Jackie Chang sings at the 100 Days Countdown for the Beijing Olympics - but the celebrations are marred by criticism over China’s actions in Tibet
Hong Kong singer Emil Chau Wakin performs with little ballerinas inside the Forbidden City as part of the celebrations
A Chinese security guard is silhouetted on a screen during the ceremony
Olympic 100 days countdown marred by US and UK criticism of China
By Alexi Mostrous
30 April 2008 (Times Online) The actor Jackie Chan joined Chinese officials and other celebrities today in an extravagant celebration of the 100 days countdown to Beijing’s Summer Olympics.
Thousands gathered in the capital to sing “Beijing welcomes you", a song written especially for the countdown. Waves of dancers performed with their hair styled like Olympic rings.
But the grand ceremony was marred by criticism of China from both the White House and Gordon Brown. The Prime Minister said today he was "unhappy" about the country’s actions in Tibet.
The White House said it was “concerned” about the decision of a Chinese Court to jail 30 Tibetans after they rioted in their capital, Lhasa, last month.
Hundreds of Tibetans rampaged through Lhasa's streets on March 17, stabbing and stoning ethnic Han Chinese and setting fire to hundreds of shops and offices.
Officials said that 18 people were killed.
The Intermediate People’s Court in Lhasa yesterday handed down terms of three years to life to the 30 protesters. A Buddhist monk was sentenced to life in prison.
Dana Perino, the White House spokeswoman, said the President was "concerned" about the sentences. “We don’t think that anyone should break the law," she said. "But we also believe in freedom of expression and assembly.”
China has blamed Tibet’s spiritual leader, the Dalai Lama, and his government-in-exile for plotting the riots.
This week it sealed off the Tibetan capital before the arrival of the Olympic torch relay, closing the Himalayan city to farmers and insisting that even schoolchildren must carry new passes.
Panic buying gripped the city as hundreds of thousands of people prepare for the tight security restrictions.
The International Campaign for Tibet said today that groups of Buddhist monks have been detained from several Lhasa monasteries, which have been sealed off by troops.
The Washington based group cited sources who said that authorities had removed at least six monks from the Nechung monastery, eight from Nalanda monastery and rounded up at least 60 people, including monks from Pangsa monastery, after a protest near Lhasa.
The group also quoted a source as saying up to 100 monks were detained at Rongwu monastery in the neighbouring province of Qinghai.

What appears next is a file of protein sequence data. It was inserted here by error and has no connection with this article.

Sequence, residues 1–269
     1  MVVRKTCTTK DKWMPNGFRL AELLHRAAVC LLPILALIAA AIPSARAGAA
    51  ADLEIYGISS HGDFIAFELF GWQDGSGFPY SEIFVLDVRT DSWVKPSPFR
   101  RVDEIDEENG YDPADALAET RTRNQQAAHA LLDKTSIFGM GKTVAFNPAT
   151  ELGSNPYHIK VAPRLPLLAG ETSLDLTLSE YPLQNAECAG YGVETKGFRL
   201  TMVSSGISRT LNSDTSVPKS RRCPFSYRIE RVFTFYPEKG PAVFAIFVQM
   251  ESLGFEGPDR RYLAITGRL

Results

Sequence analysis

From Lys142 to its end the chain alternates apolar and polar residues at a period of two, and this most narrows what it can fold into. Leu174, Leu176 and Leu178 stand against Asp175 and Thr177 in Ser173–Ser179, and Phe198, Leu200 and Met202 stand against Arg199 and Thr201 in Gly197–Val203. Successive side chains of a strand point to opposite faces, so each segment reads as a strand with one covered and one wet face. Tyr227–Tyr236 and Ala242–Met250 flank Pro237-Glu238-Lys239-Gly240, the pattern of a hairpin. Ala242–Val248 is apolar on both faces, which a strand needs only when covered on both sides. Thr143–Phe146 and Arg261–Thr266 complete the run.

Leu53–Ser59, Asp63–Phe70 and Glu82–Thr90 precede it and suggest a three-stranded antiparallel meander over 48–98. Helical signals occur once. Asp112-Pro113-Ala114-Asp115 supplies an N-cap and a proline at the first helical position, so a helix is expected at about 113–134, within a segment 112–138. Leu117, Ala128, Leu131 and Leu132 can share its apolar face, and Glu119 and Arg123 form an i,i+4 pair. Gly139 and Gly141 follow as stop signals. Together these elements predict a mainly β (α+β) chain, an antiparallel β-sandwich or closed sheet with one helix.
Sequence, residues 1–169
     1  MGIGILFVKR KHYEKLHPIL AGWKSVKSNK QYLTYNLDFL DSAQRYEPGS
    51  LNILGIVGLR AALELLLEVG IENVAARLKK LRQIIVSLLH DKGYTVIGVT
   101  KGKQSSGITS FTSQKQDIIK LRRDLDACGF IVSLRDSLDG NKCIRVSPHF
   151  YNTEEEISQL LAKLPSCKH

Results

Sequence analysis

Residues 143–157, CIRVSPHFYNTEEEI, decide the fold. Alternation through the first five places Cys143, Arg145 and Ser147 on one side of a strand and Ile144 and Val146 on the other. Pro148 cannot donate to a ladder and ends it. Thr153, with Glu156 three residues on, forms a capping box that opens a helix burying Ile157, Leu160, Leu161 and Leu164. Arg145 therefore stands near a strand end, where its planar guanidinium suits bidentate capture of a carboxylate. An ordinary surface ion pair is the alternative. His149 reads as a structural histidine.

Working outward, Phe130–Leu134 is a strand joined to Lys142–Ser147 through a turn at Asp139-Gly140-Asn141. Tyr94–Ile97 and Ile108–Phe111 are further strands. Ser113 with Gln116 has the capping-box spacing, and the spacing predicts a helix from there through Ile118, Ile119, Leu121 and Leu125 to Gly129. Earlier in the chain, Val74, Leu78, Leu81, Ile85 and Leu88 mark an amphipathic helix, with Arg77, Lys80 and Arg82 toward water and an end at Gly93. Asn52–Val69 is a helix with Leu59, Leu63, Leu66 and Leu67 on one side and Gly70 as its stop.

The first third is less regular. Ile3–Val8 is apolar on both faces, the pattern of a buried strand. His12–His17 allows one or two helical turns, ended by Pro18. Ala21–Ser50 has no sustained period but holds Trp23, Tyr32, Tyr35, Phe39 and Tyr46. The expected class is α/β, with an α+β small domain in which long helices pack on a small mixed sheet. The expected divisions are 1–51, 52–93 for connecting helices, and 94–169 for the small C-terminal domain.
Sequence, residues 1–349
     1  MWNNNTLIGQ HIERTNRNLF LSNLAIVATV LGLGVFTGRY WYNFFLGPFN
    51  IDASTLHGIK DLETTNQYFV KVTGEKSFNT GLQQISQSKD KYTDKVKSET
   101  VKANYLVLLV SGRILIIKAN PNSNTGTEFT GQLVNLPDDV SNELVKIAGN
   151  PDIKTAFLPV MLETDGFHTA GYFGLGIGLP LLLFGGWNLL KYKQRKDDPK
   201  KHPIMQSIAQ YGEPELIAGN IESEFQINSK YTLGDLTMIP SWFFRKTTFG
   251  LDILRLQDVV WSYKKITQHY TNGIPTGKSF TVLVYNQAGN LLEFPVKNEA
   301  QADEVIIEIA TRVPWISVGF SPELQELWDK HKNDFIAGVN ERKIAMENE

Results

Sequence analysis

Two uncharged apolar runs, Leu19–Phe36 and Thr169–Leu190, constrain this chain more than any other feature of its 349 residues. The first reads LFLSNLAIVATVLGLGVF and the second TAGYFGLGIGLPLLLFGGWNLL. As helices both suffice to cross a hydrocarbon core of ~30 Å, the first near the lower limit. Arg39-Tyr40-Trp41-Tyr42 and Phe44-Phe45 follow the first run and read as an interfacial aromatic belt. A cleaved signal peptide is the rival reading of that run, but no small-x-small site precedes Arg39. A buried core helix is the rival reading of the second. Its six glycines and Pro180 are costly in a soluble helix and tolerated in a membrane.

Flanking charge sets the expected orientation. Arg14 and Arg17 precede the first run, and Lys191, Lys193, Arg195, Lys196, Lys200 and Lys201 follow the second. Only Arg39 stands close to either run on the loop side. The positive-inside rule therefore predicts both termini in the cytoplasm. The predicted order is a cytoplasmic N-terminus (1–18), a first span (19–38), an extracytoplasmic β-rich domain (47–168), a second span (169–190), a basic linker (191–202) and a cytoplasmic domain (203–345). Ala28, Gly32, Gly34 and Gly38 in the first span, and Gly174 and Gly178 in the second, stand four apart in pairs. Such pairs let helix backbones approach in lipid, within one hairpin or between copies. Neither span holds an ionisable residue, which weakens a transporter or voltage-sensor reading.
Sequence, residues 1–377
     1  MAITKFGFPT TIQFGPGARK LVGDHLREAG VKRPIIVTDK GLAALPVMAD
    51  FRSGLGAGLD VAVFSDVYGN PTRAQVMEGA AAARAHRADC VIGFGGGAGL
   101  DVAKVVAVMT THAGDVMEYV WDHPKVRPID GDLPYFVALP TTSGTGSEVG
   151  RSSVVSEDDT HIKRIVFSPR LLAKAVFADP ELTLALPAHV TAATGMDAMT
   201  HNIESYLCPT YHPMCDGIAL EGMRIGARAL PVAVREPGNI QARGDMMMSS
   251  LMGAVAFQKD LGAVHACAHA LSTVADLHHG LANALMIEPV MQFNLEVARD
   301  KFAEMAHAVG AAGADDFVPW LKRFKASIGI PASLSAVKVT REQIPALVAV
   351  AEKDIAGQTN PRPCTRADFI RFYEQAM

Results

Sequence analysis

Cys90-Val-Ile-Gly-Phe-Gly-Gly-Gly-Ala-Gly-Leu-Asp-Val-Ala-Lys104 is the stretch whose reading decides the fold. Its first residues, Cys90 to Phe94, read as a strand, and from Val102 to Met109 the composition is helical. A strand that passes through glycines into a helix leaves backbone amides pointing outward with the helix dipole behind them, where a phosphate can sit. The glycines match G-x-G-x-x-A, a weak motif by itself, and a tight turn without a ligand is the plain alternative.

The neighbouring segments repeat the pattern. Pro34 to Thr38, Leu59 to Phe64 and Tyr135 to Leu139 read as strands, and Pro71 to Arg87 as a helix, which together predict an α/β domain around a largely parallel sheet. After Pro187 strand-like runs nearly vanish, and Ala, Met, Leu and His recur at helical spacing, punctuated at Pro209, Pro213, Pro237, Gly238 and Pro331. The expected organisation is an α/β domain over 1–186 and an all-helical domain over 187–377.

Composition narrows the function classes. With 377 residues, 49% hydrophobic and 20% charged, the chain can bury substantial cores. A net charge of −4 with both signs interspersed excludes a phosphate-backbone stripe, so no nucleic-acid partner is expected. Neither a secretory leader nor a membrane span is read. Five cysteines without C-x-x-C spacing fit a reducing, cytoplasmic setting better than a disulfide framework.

The accusations came as Gordon Brown said dialogue with China on human rights issues was “difficult” because the UK was “unhappy” with China’s actions in Tibet.
“We’ve got a human rights dialogue with China and it’s very difficult because we’re unhappy about what is happening in Tibet, as is the rest of the world,” Mr Brown told the Institute of Directors’ annual conference in London.
“But we have got a very high level contact with the Chinese on economic investment for the future and I do believe that China sees Britain as their strategic partner in Europe and America together,” he added.
International human rights groups have criticised the Chinese actions, accusing Beijing of mass detentions of monks and activists.
Ms Perino said the White House hoped China would now speak with envoys of the Dalai Lama. Beijing offered to hold talks with the Tibetan leader last week.
“We hope that those conversations are productive,” Ms Perino said. “We think it is in China’s interests that they continue to have those because the Dalai Lama is a man of peace and someone who I think, if they were open to, can help calm the tensions in the area.”
Meanwhile, Chinese mountaineers made final preparations Wednesday to take the Olympic torch up Mount Everest in an operation shrouded in secrecy.
Mountaineers were completing the setup of a staging point at 8,300 meters (27,390 feet) for the final assault on the 8,850-metre (29,035-foot) summit, Chinese TV reported.
But there was no word on the location of the torch or when the 31-member climbing team would scale the peak.
The website of Beijing Daily said that a “mysterious veil that has surrounded base camp.”
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